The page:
“There were police officers bravely trying to stop his predatory behavior, but Surviving R Kelly took these women to the living rooms of the American people and saw them one after another. Twelve different women appeared on the camera and said, their story. Not all of them can be liars. “
So why did justice take so long?
Kenyette Tisha Barnes, co-founder of the #MuteRKelly movement, was launched in 2017 to call for boycotting the singer’s music and shows and “responsible for those who have kept this action going for a long time.” The answer is simple. : “Because these were young black girls from downtown Chicago.”
She says it takes moves like #MeToo, Time’s Up, and #MuteRKelly to reach this point.
“I was a big fan of R. Kelly many years ago in the 90’s, and I remember that story. I started listening to Aaliyah and other young women. They were always young black girls. .
“I was a black girl. I’m a black woman in this country. And I’ve seen how the entertainment industry, which is our entire community, has been malicious to these young women for years. And it was enough. “
Delogatis agrees that it was a “race issue,” saying: Believed, women are generally unbelievable about stories of sexual abuse. But especially black girls. “
For Kelly, who last released his studio album in 2016, the conviction in New York isn’t the end of his legal affairs. He faces charges of further sexual abuse caused in Illinois and Minnesota-he also pleaded not guilty.
Therefore, as the trial progresses, further allegations against the singer may come. And thanks to this first trial in New York, people who have closed their eyes at best are now well in the spotlight. In the worst case, made him possible.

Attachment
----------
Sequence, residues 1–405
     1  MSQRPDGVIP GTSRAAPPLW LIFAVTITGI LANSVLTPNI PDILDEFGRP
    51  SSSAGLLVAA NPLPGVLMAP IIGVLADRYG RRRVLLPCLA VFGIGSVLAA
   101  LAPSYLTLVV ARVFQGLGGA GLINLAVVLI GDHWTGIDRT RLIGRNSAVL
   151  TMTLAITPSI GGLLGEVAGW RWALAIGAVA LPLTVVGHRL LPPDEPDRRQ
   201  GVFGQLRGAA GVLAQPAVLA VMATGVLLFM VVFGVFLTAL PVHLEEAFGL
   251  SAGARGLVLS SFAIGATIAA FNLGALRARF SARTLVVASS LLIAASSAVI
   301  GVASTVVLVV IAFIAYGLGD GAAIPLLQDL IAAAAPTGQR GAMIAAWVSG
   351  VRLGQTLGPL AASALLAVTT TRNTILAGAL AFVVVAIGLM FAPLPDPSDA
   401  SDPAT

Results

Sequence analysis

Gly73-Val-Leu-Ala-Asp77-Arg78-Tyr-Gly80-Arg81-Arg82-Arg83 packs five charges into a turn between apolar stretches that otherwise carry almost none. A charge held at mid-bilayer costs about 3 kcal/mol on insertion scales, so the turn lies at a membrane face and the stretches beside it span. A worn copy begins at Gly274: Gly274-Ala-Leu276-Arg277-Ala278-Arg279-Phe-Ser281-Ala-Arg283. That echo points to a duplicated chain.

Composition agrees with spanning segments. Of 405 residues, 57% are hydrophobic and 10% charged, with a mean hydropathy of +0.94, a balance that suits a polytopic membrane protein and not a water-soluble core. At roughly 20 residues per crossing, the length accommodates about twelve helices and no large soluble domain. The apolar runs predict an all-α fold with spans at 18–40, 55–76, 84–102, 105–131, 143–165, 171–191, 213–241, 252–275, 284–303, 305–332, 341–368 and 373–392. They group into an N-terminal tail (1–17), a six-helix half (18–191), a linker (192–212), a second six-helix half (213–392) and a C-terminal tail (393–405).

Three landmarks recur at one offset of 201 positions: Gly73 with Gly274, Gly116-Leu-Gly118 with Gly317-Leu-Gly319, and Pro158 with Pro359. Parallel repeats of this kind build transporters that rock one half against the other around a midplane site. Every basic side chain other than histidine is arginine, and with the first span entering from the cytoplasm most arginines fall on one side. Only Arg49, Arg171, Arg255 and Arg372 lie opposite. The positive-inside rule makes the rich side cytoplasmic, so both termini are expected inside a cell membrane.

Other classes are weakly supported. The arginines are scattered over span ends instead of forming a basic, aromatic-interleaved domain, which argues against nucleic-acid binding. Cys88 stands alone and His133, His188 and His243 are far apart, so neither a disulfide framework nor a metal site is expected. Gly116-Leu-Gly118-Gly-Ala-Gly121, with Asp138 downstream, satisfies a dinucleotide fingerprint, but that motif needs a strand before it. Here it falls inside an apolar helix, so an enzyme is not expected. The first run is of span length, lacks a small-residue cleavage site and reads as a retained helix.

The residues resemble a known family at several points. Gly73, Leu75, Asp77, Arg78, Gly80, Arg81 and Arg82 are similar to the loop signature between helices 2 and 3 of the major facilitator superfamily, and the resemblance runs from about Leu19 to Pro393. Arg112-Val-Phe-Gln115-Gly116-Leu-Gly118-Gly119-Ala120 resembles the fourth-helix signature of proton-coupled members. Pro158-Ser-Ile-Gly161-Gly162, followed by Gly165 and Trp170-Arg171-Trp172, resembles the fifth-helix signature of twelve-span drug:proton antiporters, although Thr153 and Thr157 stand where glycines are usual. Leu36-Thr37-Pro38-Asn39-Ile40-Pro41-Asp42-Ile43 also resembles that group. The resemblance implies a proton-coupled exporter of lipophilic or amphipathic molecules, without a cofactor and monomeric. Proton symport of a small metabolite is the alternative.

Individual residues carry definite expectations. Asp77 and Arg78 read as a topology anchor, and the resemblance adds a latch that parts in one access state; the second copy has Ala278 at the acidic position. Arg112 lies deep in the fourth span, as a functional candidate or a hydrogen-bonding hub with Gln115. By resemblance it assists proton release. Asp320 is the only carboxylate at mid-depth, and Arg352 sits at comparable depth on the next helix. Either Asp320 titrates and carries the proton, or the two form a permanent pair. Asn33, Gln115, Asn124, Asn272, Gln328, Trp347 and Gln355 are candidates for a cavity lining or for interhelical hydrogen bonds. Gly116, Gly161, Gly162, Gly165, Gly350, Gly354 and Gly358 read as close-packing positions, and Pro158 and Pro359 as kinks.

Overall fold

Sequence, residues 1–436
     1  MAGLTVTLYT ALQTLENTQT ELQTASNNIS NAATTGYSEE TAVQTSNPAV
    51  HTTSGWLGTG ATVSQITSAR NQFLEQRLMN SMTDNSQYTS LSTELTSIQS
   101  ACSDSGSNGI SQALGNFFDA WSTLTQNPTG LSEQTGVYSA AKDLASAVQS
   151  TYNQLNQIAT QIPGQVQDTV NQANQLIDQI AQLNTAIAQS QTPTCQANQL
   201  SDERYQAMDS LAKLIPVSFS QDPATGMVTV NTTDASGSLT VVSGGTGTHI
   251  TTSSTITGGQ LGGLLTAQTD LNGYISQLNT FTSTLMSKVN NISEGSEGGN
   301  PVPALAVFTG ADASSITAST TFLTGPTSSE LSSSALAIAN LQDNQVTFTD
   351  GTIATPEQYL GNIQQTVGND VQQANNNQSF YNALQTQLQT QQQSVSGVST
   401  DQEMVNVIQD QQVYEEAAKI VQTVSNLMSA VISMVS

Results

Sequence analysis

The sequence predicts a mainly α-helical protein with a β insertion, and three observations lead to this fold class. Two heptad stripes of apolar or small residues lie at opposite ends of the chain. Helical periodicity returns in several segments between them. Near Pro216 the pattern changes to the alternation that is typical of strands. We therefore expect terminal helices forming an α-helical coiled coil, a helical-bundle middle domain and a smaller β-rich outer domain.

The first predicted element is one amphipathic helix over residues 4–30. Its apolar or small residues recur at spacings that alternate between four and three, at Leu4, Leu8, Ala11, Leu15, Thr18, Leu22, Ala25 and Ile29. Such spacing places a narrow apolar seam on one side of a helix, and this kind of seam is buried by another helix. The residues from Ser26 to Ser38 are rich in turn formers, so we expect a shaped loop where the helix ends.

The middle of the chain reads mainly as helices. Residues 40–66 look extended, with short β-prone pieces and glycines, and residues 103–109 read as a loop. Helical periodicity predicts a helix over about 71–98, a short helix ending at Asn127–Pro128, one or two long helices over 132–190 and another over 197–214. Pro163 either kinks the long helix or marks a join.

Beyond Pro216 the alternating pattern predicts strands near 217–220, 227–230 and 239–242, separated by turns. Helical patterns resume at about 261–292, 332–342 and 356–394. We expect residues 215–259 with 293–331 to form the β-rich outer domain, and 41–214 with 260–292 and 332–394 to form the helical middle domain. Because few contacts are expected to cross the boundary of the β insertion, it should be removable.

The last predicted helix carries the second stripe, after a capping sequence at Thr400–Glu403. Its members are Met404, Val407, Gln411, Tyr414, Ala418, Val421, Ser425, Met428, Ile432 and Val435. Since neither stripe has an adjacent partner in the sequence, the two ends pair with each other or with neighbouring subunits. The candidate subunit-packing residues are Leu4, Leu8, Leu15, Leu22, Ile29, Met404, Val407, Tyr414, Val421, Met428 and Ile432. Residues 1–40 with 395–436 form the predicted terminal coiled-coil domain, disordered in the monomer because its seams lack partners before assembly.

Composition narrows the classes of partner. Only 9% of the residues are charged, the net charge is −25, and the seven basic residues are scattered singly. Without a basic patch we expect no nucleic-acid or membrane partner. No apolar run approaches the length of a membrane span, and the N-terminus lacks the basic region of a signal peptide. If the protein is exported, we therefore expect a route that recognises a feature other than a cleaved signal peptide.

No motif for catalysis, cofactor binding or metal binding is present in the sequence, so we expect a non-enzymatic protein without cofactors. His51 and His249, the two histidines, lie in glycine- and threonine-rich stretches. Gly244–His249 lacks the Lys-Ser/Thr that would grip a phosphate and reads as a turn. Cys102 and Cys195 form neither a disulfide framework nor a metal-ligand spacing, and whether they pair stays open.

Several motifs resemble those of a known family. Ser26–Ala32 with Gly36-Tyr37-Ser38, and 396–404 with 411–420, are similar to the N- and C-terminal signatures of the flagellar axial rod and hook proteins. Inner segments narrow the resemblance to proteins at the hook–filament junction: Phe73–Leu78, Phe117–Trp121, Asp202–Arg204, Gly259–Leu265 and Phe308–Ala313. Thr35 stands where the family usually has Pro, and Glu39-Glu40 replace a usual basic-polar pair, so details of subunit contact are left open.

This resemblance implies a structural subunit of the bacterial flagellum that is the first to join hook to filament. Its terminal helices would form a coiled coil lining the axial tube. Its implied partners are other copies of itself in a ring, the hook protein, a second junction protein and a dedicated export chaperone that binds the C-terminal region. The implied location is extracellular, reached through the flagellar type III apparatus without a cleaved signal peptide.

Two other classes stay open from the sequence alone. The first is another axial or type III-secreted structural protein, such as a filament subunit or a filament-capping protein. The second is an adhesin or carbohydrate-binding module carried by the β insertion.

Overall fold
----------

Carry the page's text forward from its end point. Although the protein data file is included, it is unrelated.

Prosecuting the singer by extortion means that the prosecutor tried to make him look like a “corporate” leader, and “managers, bodyguards, drivers, personal assistants, runners” all had sex with him. I was involved in recruiting women and girls for the sake of.
Delogatis says there are others to be prosecuted, and Burns agrees that “there is a lot of responsibility to go around” while Kelly was “at the top of the pyramid.”
“Number one, it’s R Kelly,” she says. “Second, it’s the people who made it possible. It was the producers, promoters, runners, and camp people who were more interested in partnering with superstars than actually protecting black girls. ..
“Then go further. It’s a black community. We’re all accomplices. If you’ve played R Kelly’s song, you’re an accomplice. If you’ve seen that videotape, you’re an accomplice. I’m an accomplice. I think. We all have to unravel the reality of allowing this man to move in the most predatory way. “
“The racketeering method is commonly used against mob bosses and drug kingpins,” says Delogatis. “Only one person has been charged. How would you be a criminal company if no one else in the alleged company was held liable?”
R. Kelly was convicted: everyone knew the claim-so why did it take 30 years to get justice? | Ent & Arts News
Source link R. Kelly was convicted: everyone knew the claim-so why did it take 30 years to get justice? | Ent & Arts News